Like Cox, they are upset with an administrator casting doubt on the central role carbon dioxide plays in climate change. “You will continue to undermine your credibility and integrity with EPA staff, and the majority of the public, if you continue to question this basic science of climate change,” Cox wrote.

Of course, Pruitt’s position is no surprise for a man who was appointed by a president who called climate change a hoax.

To see the effects of climate change, Cox invited Pruitt to “visit the Pacific Northwest and see where the streams are too warm for our salmon to survive in the summer; visit the oyster farmers in Puget Sound whose stocks are being altered from the oceans becoming more acidic; talk to the ski area operators who are seeing less snowpack and worrying about their future; and talk to the farmers in Eastern Washington who are struggling to have enough water to grow their crops and water their cattle.  The changes I am referencing are not impacts projected for the future, but are happening now.”

Trump’s proposed EPA budget is the vehicle for his science-doubting policies.

His 31 percent budget decrease would be the largest among agencies not eliminated. It would result in layoffs for 25 percent of the staff and cuts to 50 EPA programs,  The Washington Post reported Sunday. Lost would be more than half the positions in the division testing automaker fuel efficiency claims.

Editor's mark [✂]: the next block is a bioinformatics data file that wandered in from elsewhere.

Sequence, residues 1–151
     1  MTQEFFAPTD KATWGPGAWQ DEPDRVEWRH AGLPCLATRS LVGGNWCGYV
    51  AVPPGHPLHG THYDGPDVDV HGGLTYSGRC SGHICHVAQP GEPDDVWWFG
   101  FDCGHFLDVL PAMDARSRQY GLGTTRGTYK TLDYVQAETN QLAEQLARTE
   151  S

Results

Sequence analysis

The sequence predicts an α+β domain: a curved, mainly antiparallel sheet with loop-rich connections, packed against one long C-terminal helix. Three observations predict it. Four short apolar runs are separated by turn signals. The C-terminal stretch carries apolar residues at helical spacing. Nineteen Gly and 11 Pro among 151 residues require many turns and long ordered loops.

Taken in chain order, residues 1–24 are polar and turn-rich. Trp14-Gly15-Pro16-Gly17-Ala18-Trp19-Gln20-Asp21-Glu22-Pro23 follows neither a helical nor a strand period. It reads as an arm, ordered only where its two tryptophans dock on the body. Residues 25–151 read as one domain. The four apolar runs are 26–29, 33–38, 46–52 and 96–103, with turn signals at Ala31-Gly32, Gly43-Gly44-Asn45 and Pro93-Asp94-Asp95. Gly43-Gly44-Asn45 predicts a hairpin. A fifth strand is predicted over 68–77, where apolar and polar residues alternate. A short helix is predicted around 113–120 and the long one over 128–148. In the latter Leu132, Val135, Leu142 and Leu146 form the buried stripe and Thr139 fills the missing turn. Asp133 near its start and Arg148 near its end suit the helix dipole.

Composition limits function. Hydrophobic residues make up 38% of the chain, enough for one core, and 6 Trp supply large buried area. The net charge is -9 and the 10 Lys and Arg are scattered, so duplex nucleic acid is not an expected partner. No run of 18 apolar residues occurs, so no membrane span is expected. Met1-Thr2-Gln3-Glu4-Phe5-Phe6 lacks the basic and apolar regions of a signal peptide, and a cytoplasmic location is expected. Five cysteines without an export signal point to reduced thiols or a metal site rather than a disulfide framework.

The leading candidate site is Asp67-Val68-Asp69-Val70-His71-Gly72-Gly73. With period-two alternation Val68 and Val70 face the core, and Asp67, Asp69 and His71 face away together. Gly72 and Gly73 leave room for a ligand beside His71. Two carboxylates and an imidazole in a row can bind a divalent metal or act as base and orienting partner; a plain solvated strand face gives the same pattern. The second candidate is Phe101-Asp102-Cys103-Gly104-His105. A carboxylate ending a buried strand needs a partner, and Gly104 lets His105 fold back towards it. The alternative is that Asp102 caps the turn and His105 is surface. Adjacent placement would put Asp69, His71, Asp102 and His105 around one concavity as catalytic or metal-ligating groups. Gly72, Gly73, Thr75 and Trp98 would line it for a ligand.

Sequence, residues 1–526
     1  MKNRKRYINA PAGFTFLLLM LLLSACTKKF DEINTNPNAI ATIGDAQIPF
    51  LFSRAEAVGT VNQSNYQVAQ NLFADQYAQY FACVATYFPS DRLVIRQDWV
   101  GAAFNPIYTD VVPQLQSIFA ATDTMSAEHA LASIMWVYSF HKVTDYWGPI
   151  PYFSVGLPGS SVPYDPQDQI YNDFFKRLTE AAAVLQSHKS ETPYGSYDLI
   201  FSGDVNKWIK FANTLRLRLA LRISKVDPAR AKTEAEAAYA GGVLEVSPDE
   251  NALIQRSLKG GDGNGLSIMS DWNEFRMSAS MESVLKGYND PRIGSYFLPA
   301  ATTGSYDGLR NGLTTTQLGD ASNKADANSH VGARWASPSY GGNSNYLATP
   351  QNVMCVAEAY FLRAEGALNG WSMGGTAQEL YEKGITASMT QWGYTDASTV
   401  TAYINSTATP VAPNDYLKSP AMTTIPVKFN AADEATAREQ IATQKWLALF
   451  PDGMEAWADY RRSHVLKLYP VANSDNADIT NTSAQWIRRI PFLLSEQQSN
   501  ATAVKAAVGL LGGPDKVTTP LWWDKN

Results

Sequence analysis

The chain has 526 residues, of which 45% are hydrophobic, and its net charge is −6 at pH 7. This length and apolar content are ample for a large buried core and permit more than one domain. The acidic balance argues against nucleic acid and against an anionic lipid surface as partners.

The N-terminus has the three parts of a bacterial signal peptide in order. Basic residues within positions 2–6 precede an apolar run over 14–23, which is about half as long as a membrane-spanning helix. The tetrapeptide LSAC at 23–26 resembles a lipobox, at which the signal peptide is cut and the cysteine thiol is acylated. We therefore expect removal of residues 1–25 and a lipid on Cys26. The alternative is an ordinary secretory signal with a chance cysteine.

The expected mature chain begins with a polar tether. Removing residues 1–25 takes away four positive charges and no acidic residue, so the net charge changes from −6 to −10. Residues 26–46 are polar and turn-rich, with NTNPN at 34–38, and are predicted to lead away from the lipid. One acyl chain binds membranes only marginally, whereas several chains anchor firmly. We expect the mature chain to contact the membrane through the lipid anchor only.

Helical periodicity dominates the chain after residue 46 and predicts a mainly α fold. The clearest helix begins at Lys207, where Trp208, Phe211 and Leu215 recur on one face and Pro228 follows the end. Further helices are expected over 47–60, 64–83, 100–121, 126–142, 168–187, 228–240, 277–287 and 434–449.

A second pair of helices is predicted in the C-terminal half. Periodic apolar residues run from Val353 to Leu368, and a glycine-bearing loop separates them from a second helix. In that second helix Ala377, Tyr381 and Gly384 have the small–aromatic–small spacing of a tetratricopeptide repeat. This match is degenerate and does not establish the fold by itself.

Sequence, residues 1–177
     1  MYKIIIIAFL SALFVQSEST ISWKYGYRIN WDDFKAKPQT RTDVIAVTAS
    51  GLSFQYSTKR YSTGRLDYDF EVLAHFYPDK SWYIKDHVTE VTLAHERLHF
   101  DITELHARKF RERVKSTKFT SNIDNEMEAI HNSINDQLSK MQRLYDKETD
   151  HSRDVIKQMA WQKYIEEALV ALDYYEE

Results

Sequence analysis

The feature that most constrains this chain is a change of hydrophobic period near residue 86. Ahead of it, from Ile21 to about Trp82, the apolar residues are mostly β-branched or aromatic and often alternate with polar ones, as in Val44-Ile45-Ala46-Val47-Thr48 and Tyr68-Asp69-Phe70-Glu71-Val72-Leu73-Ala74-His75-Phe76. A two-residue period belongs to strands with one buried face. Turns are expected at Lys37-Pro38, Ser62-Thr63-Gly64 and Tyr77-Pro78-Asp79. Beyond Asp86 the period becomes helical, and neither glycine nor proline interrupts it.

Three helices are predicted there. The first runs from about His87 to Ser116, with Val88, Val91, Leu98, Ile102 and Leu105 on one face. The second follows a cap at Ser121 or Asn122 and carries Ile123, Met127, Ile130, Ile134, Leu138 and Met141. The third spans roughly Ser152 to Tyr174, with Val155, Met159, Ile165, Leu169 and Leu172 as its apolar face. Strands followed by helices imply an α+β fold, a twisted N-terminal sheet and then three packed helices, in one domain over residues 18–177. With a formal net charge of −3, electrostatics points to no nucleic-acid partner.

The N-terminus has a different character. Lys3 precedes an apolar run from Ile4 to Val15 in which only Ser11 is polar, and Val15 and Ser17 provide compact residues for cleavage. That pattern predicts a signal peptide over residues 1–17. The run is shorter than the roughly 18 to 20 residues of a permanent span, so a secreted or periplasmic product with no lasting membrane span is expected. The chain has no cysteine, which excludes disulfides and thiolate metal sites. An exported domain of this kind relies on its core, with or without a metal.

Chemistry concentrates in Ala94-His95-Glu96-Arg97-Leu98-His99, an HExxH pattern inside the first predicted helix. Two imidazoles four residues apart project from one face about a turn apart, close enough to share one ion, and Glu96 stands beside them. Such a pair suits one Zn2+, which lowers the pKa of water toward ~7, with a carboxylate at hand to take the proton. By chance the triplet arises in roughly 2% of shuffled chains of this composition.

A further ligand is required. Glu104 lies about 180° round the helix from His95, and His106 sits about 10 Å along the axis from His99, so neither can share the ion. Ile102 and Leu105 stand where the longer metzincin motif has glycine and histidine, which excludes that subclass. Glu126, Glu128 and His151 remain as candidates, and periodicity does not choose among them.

An EPA environmental engineer is “almost hopeful” for a partial government shutdown, which could happen after April 28 if Congress doesn’t approve a spending measure, because “it’s better than getting axed right away.”

Cox challenged the “indefensible budget cuts,” asking Pruitt “why resources for Alaska Native Villages are being reduced when they are presented with some of the most difficult conditions in the country; why you would eliminate funds for the protection and restoration of the Puget Sound ecosystem which provides thousands of jobs and revenue for Washington State; and why you would reduce funds for a program that retrofits school buses to reduce diesel emission exhaust inhaled by our most vulnerable population — children.”

The EPA did not respond to requests for comment on Cox’s letter, but Myron Ebell, who led Trump’s EPA transition team, did.

Now that Trump is moving toward “radically downsizing the EPA,” Ebell said, “employees who are opposed to the Trump Administration’s agenda are either going to conduct themselves as professional civil servants or find other employment or retire or be terminated.  I would be more sympathetic if they had ever expressed any concern for the people whose jobs have been destroyed by EPA’s regulatory rampage.”